The governing board of the financially troubled Georgetown University Community Health Plan, which provides medical care to 54,000 subscribers, voted early yesterday morning to transfer the plan's ownership and management to the gigantic and successful Kaiser-Permanente Medical Care Program.
Kaiser's takeover of the plan which is only loosely associated with Georgetown University, ensures that the health plan will have sufficient capital to survive and grow. The takeover is expected to have no immediate effect on the benefits provided to subscribers or the premiums they pay.
Sources said it is also unlikely that the transfer, which takes effect today, will cause layoffs of doctors or nurses. It undoubtedly will mean new managers and management policies for the plan. Kaiser may, in time, alter benefits and premiums in an attempt to compete more successfully with the area's other two health management organizations or HMO's.
Like other HMOs, the Georgetown plan provides comprehensive health services -- doctors' visits, lab tests, hospitalization and other services -- to subscribers who pay a fixed amount each month.
Originally the plan accepted individual subscribers, but it currently enrolls only members who elect it as an alternative offered by their employers to traditional health insurance. A Kaiser official said individual memberships may again bemade available, in keeping with the policy followed at other Kaiser health plans.
Kaiser's takeover of the plan will mark the foundation's first establishment of a prepaid health program on the Eastern seaboard. The behemoth of prepaid health programs, Kaiser enrolls 3.8 million of the nation's 9 million HMO subcribers. The foundation runs one health plan in Cleveland, but most of its client are in the western United States.
Trustees of the Georgetown plan formally approached Kaiser about a takeover three weeks ago, according to Dr. Matthew F. McNulty Jr., chairman of the health plan's board and chancellor of Georgetown University Medical Center. McNulty said the offer to Kaiser followed an all-night meeting on July 10, at which the trustees concluded the health plan did not have sufficient capital to sustain continued losses and fund needed development.
The Georgetown University Community Health Plan was founded in late 1972 and despite steady growth has not reached the break-even point.
The plan started as a single health center in Northeast Washington, and has since opened four additional Centers -- in Reston, Springfield, Kensington and Gaithersburg. It has become the second largest of the area's HMOs, with 54,000 members. Group health Association, founded in 1937, is the largest with about 112,000 members. The George Washington University Health Plan, also established in 1972, has about 21,000 members, but it is in the black financially, according to director of marketing Brian Moore.
McNulty said that, despite the Georgetown plan's growth, it has continued to require financial boosts in the form of grants and bank loans backed up by the university's credit. This year it has been especially hard hit by inflation, which has raised the plan's costs for subscibers' hospitalizations and visits to consulting doctors.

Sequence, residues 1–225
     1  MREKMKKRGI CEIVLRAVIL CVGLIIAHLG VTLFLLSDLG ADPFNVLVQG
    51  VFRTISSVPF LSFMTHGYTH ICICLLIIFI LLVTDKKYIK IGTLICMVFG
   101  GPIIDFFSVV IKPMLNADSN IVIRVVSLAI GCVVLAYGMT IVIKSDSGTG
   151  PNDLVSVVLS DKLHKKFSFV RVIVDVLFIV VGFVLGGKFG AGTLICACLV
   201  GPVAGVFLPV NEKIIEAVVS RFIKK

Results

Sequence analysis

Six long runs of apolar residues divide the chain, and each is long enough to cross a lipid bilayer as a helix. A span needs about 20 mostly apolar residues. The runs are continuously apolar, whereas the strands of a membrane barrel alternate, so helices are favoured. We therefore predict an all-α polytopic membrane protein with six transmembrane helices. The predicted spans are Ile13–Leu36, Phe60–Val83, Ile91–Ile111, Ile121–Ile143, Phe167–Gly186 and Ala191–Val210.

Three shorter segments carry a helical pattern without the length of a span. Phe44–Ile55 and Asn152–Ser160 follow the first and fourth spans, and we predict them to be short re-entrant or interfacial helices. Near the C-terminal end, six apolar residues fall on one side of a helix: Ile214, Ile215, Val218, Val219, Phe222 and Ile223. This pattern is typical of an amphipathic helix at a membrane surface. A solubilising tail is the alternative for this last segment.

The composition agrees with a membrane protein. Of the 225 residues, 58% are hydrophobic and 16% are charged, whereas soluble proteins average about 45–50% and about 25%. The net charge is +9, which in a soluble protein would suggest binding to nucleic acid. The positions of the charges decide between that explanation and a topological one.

McNulty said the rise in costs out-stripped subscirbers' payments, which were set by the HMO last July and which it must keep constant for the duration of each year's contracts.
The board also decided at the July 10 meeting to immediately lay off 15-to-20 percent of the staff at each of with five health centers and to do away with the positions of two of the plan's vice presidents. The layoffs were an economy move. McNulty said and had not impaired patient care at the centers.
Sources at one of the plan's health centers said remaining doctors and nurses have had to struggle during the past month to handle the patient load.
"We feel pressed, that's for sure," one employe said.
HMOs have burgeoned since the early 1970s, when they were first espoused by the federal government as a means of cutting health care costs. Since then, HMOs across the country have been assisted by grants and legislation.
Kaiser-Permanente predates those developments by 40 years and takes pride in never having accepted federal grants.
Founded in California, Kaiser-Permenente had operating revenues last year of $1.4 billion. The foundation has three branches: an association of Kaiser hospitals, a collection of physician partnerships that contract to provide care to subscribers, and a group of corporatins that enroll members and administer health plans.
A nonprofit organization, Kaiser-Permanente has a reputation for efficiency stemming from its size and vast capital, which allow it to manage programs as effectively as other giant corporations. If it were organized for profit, it would be about midway down the list of the Fortune 500, the nation's biggest companies.
Kaiser-Permanente operates its own hospitals in most areas it serves, but it will not do so in Washington. As in Denver, which like Washington is considered by planners to have enough hospital beds, the plan's subscribers will continue to use existing hospitals, according to a Kaiser official.
Sources said nurses and technicians working in the Georgetown plan will become Kaiser employes. The plan's doctors will have to set up their own corporation or partnership to contract with Kaiser-Permanente, rather than being salaried employes as they are under the present plan. Only one physician -- a new medical director -- will be brought in from outside, the sources said.